A startling 30 percent of all companies worldwide haven't even begun to address the year 2000 programming problem, which potentially could have a severe impact on supply chains between organizations that are internetworked.
The findings, announced in a teleconference yesterday by Gartner Group Inc., are based on surveys and interviews with 2,300 companies, institutions and government agencies across 17 countries.
To measure and evaluate where companies stand with their year 2000 compliance efforts, Gartner has created a "compare scale" that establishes five levels of compliance. Level 1 represents organizations that have just entered into the awareness phase of the year 2000 problem, while Level 5 represents organizations that have made all of their mission-critical and non-information technology systems fully compliant.
The high percentage of companies that haven't addressed the millennium problem "is a tremendous concern" that could have a serious ripple effect on global supply chains, said Lou Marcoccio, an analyst at the Stamford, Connecticut-based research firm.
Marcoccio points to a large U.S. automobile manufacturer he spoke to last week, which relies on several component makers -- and none them have done any year 2000 work yet. Marcoccio said the component makers have time-sensitive scheduling and production systems which, if left untreated, will disrupt the development and delivery of parts to the automaker, which doesn't have any alternative suppliers.
"You don't get a mulligan on this -- there's no do-over" for year 2000 remediation, said Matt Hotle, Gartner's year 2000 research director.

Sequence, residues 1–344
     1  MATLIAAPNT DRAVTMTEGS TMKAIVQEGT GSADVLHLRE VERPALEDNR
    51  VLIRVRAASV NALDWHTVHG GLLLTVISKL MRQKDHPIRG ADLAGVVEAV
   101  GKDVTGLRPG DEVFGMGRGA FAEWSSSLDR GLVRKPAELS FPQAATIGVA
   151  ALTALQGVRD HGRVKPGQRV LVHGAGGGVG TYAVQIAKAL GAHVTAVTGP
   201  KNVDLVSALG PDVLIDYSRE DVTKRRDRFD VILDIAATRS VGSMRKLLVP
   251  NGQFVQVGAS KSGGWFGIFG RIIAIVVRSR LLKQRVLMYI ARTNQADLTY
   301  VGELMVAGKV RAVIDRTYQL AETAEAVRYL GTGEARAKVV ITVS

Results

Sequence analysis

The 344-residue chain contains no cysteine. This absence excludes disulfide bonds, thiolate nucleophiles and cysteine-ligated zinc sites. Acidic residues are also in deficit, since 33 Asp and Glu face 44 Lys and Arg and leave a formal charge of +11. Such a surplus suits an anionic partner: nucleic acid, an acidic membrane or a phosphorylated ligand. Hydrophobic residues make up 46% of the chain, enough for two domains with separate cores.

Perhaps not so surprising, Gartner's research found that most educational institutions and government agencies "are quite a bit behind" other industries with their year 2000 compliance efforts, Hotle said.
While there is already a noticeable shortage of experienced programmers available to deal with the millennium bug, "the next big [talent] crunch" will be for organizations to find quality assurance professionals to help support remediation and testing. Quality assurance experts are in even shorter supply than programmers are, said Hotle.
Vertical industries that are leading the remediation effort include financial services companies -- including banks, brokerages and insurers -- and most types of manufacturers. At the bottom of the heap are health care providers -- 88 percent of all health care providers surveyed are at Level 1, Hotle said.
From a geographic standpoint, the nation leading the pack isn't the United States, but Australia, which maintains a narrow lead over the U.S., the U.K. and Canada. Organizations in South America and Africa are the biggest laggards, Marcoccio said.
Among the biggest concerns for information systems managers, Hotle said, are the fragility of the power supplies used to support their computer rooms and data centers. Hotle said embedded hardware and software in these systems could fail and cripple organizations if they aren't fixed.
The full results of the company's research will be released at Gartner's annual Symposium conference, to be held in Orlando next month.